The UK government has poured cold water on hopes that votes for 16-year-olds in the Scottish referendum on independence could be extended to the rest of the UK.
Plans to give the vote to 16- and 17-year-olds in a referendum on Scottish independence came under fire in the House of Lords on Wednesday, and the UK government has said the measure will not necessarily lead to them voting in all UK elections.
First Minister Alex Salmond will meet Prime Minister David Cameron on Monday to finalise a deal over how the referendum will be staged.
That is likely to see an independence referendum held north of the border in the autumn of 2014 - the Scottish Government's preferred timescale.
It is expected that voters in Scotland will be given a straight choice between independence or remaining in the United Kingdom. It is also expected that 16 and 17-year-olds will be allowed to take part in the crucial ballot.
Leader of the Scottish Youth Parliament Grant Costello said: "Allowing 16-year-olds to vote in this referendum will pave the way for the franchise to be extended in all future elections - after all, if we trust young people to vote on Scotland's constitutional future, then we must surely see the case for allowing them to vote in all elections."
Former Scotland secretary Lord Forsyth of Drumelan said the issues had "huge implications" and should not be decided in "closed corner negotiations".
Tory Lord Jopling said it was "a major constitutional change" and Labour's Lord Foulkes of Cumnock questioned how extending the electoral register to include younger votes would be funded.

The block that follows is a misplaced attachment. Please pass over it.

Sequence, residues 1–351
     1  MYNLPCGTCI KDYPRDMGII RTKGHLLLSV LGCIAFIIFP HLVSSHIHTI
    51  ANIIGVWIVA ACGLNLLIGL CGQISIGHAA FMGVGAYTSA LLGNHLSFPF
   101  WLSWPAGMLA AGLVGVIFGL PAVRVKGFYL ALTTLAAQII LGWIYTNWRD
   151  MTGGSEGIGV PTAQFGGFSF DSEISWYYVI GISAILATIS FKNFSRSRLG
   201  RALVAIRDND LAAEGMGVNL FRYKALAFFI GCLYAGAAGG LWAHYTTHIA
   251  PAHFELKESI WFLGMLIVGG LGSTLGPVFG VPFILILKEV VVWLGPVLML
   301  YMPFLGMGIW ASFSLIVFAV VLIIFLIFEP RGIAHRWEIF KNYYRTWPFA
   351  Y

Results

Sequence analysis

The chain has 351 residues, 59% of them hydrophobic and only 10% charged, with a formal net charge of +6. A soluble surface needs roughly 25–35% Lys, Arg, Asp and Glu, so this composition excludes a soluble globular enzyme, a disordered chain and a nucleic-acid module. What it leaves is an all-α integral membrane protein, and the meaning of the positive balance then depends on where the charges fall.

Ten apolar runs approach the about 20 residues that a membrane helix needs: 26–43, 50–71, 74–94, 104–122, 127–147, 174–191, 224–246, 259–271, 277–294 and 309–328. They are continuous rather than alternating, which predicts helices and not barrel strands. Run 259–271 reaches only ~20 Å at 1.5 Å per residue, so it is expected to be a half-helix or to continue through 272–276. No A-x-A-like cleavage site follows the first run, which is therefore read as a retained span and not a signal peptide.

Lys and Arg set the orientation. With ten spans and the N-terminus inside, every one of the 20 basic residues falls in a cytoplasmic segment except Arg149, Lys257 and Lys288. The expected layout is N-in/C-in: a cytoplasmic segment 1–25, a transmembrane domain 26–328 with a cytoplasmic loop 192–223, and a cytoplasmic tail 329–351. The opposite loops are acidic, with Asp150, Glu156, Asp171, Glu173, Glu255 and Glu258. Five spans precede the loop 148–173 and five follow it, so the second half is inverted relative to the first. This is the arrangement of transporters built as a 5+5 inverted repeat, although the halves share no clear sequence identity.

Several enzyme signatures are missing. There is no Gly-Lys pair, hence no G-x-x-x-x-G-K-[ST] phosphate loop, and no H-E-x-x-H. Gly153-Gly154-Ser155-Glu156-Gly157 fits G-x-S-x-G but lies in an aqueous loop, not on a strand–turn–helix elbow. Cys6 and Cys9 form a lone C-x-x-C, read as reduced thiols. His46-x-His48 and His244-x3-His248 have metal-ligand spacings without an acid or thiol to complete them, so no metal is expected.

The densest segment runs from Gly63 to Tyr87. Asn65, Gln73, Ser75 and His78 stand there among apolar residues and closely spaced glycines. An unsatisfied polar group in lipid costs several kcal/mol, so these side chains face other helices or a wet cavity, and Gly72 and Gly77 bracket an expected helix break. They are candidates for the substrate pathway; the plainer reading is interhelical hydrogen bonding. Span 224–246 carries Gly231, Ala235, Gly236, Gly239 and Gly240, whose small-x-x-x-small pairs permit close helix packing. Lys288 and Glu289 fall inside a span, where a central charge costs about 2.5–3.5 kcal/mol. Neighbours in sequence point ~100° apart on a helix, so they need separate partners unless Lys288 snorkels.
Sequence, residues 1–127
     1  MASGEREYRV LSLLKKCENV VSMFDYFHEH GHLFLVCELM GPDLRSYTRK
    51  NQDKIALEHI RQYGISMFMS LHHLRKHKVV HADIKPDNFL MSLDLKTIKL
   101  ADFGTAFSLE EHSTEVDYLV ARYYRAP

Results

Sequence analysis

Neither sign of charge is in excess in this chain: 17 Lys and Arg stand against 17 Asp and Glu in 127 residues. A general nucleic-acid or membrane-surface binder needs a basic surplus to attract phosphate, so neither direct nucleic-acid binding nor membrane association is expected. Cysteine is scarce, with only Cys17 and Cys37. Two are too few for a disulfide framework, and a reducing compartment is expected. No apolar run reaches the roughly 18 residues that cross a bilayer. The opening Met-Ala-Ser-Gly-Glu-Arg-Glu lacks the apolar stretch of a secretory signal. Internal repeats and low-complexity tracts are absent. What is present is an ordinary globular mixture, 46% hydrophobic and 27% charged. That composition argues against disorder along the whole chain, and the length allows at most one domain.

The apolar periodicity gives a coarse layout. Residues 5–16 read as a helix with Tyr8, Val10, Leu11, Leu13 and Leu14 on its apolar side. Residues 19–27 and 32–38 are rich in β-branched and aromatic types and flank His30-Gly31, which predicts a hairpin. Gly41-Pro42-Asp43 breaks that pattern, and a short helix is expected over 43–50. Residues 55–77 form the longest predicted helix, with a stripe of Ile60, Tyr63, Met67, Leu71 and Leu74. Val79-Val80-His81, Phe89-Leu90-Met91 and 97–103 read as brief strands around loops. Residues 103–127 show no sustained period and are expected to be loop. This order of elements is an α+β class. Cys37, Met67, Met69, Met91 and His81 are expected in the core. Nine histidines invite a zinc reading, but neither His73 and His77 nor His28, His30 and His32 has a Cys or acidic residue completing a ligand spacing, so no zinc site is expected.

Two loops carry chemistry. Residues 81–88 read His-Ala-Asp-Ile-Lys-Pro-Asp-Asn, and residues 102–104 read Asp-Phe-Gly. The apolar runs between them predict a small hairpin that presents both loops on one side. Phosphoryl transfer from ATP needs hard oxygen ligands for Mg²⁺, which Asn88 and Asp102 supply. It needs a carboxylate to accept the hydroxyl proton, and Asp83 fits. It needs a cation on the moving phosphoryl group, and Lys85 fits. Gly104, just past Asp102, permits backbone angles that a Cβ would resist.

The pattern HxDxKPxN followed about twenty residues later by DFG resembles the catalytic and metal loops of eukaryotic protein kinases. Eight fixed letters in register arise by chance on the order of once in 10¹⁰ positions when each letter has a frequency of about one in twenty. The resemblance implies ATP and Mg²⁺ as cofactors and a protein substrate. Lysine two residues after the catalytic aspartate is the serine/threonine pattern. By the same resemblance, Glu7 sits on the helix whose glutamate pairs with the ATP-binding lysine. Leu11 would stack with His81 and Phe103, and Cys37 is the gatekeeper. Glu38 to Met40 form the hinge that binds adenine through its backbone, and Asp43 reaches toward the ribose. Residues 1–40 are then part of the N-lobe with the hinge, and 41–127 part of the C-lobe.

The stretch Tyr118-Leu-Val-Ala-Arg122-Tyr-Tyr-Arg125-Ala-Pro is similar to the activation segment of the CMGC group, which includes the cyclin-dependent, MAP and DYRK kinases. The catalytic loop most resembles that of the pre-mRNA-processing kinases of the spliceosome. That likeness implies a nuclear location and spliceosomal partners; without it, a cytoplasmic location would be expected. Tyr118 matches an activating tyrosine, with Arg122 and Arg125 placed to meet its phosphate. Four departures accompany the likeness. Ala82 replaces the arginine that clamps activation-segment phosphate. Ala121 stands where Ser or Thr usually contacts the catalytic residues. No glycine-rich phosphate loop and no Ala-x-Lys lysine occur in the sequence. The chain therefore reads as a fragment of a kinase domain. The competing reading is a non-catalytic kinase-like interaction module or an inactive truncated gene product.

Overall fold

But asking an urgent question in the Lords, Lord Forsyth said: "Matters of electoral importance and the extension of the franchise are not matters to be carried out in closed corner negotiations however senior the parties.
"If the franchise is to be extended for the referendum in Scotland, is it not inevitable that we will have to extend it to 16-year-olds in all directions throughout the United Kingdom - a matter that has huge implications, not least in that it will bring politics into our schools?
"If the Government is proposing to do that, would it not be proper for them to issue a paper for consultation and to consult widely and make no commitments whatsoever until they have done so."
Replying for the Government, Advocate General for Scotland Lord Wallace of Tankerness said the franchise for all elections to the UK Parliament and devolved Parliaments had been set by Westminster and there were "no plans" to change it.
"The franchise for referendums is set out in the legislation that enables each referendum to take place," he said.
"If we agree to transfer powers to the Scottish Parliament to hold a referendum then it is they who would determine the franchise."
He said any decision to allow 16- and 17-year-olds to vote in the referendum "would not affect the franchise for Parliamentary elections".
Lord Jopling, a former government chief whip in the Commons, asked Lord Wallace: "Surely you will accept that the introduction of a reduction in the voting age to 16 and 17 would be a major constitutional change and that normally major constitutional changes are produced and proposed only after clear consultation and very often with a Speaker's conference.
"In the view of very many people, to produce this like a rabbit out of the hat is quite unacceptable."
The Scottish government has already extended the franchise to 16 and 17-year-olds for elections to health boards.